On “Brand New Bag”, he placed the rhythmic accent on “the one”; with “Cold Sweat”, he overthrew, in Dave Marsh’s memorable phrase, “the tyranny of the chord change.” The still-unfolding results were funk, disco, house (Brown’s “taste of piano” in “Sex Machine” sounds like the start of the genre), disco, New Jack Swing, and hip-hop, as well as in one way or another nearly all other popular music.
It’s not just that Brown had a great second act, the way Frank Sinatra did in the 1950s. Brown redrew the entire musical map with an ambition more typically associated with young men. Louis Armstrong was 25 when he recorded the first of his Hot 5’s. The Beatles weren’t even that far into their 20s when they invaded, and Elvis was just 19 when he cut “That’s All Right”. But Brown was a grown-ass man, 32, when, in 1965, he cut “Brand New Bag”. When he laid down the terrifying, minimalist funk of “The Payback” in 1974, he was 41.
The years from “New Bag” to “Payback” account for more than half of Star Time. They should. Yet Star Time, like most accounts of Brown’s career, barely hints at what he was up to during this unparalleled creative stretch.
For example, even while heralding the new day, Brown remained committed to the R&B, pop and jazz he’d grown up loving. On Say It Live And Loud: Live In Dallas 08.26.68, Brown sandwiches his latest state-of-the-art and state-of-the-union single, “Say It Loud — I’m Black And I’m Proud”, within a violin-cushioned “If I Ruled The World” and the old warhorse “Kansas City”. A few months earlier, he’d begun work on Gettin’ Down To It, a surprisingly strong set of mostly Sinatra-associated pop standards.
Also in these years: a tribute album to Little Willie John; two Christmas collections; nine instrumental albums; two soundtrack albums, including the epochal Black Caesar; and production work for Hank Ballard, female proteges Marva Whitney, Vicki Anderson and Lynn Collins, his band the JB’s, and myriad other acts. Plus, four live albums, including Revolution Of The Mind: Live At The Apollo, Vol. III. Actually, four and a half live albums, counting 1970’s half live, half Memorex Sex Machine.
Straight along, Brown not only saw himself as creating a new thing but as a link, to borrow from Ralph Ellison, in an ongoing chain of tradition. He cut “Mother Popcorn” in the summer of 1969 and “Funky Drummer” in the spring of 1970, each an exemplar of the new breed. In between, he cut Soul On Top with the Louie Bellson Orchestra, memorably imposing his will upon the extremely old-school likes of “For Once In My Life”, “What Kind Of Fool Am I”, even “Your Cheatin’ Heart”.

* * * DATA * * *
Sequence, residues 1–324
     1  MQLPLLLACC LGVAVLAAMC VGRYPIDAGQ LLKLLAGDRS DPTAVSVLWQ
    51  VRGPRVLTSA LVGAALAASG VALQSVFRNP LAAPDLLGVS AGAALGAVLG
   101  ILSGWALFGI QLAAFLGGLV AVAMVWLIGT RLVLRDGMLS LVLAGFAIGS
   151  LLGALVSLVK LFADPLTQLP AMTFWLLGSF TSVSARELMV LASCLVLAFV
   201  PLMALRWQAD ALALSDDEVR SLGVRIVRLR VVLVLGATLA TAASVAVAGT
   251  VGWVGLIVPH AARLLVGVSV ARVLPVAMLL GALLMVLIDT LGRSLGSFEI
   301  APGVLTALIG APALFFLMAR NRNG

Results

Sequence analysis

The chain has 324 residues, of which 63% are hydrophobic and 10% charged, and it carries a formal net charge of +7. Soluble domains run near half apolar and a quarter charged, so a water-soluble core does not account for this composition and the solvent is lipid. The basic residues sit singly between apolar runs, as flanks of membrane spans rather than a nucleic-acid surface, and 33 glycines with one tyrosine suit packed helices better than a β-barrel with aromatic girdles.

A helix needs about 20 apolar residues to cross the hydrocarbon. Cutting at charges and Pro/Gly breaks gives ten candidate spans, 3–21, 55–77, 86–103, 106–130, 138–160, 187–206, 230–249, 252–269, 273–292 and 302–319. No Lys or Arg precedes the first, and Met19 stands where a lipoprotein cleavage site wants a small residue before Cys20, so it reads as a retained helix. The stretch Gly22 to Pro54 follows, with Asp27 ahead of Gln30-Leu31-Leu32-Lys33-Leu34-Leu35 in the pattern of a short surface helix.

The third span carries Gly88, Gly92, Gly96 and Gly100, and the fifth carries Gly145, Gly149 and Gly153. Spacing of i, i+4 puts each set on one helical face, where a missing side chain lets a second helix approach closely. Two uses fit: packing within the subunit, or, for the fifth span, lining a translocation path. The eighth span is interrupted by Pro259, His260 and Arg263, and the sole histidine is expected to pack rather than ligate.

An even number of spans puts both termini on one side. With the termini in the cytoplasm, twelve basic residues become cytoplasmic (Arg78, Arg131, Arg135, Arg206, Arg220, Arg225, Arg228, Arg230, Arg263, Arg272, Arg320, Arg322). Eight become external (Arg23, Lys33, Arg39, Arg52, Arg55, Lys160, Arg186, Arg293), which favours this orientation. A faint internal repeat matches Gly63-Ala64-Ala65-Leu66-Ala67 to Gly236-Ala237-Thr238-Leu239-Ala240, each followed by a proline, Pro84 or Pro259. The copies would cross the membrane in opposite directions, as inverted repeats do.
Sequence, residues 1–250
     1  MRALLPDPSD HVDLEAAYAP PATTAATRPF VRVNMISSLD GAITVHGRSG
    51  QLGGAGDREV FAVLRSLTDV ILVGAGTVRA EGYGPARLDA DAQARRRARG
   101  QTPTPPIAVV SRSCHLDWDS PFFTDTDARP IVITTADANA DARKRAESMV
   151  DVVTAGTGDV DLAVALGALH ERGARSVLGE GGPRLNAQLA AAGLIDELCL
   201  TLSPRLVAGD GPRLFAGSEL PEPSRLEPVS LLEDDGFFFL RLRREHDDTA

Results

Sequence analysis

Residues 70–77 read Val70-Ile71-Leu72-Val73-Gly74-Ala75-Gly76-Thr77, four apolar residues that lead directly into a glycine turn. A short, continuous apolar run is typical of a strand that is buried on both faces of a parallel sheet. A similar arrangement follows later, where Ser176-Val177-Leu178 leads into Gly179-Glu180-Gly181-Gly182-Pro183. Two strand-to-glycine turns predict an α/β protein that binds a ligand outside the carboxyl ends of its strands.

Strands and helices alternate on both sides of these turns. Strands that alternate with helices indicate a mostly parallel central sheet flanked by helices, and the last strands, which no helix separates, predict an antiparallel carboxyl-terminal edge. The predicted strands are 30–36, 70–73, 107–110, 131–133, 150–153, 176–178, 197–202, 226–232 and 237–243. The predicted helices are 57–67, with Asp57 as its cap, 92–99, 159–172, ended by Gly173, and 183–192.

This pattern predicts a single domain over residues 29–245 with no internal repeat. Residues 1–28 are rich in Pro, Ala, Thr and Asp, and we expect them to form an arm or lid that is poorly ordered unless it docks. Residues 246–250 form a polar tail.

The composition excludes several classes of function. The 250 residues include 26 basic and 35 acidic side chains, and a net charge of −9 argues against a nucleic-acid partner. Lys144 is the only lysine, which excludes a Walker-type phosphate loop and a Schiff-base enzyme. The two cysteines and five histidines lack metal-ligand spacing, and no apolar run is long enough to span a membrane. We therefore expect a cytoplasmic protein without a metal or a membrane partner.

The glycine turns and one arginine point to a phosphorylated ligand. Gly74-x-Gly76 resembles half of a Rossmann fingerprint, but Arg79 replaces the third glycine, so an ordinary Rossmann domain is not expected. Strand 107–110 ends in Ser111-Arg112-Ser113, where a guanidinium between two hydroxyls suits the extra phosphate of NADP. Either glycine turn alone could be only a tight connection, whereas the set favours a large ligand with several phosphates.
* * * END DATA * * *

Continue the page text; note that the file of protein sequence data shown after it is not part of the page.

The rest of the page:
That the planet’s hippest human would tackle big-band jazz might seem nuts. But jazz was Brown’s secret ingredient. From his autobiography: “[I]f you’re going to talk about [my music] you have to remember the jazz in it. That’s what made my music so different…”
On many instrumental albums, Brown led the band on organ (“I don’t play [it] well,” he explained in 2005, “but I play it artistically.”) The results were close kin to the soul jazz of Jimmy Smith. The jazz connection also helps account for Brown’s persistent use of horns, and for his eagerness, especially in concert, to demand solos from peerless sidemen like saxophonists Maceo Parker and Pee Wee Ellis (a Sonny Rollins disciple) and trombonist Fred Wesley.
Too, Brown’s funk increasingly became a purely musical experience, with Brown providing impassioned grunts and yowls but no real narrative. You’ll occasionally hear a beef, usually from white folks, about this tendency in Brown’s work: It’s just dance music; it’s polyrhythm and groove without melody; it hardly has any words so must hardly have any meaning.
Of course, such a logo-centric complaint is never leveled at, say, Miles Davis, whose electric fusion was deeply influenced by the Godfather’s jazzy funk, as he was impressed by Brown’s insistence upon doing his own thing.
“You can be like a tape deck, you know,” Brown warns amidst the indomitable funk of “Get Up, Get Into It And Get Involved”: “They can plug you in, make you say what they want you to say.”
Then: “Don’t let ’em do it!” He screams this several times. “Don’t let ’em do it!”
He means do your own thing. But more, too. I can’t really explain it. To understand, you’d have to hear the music, feel that soul power, and dance.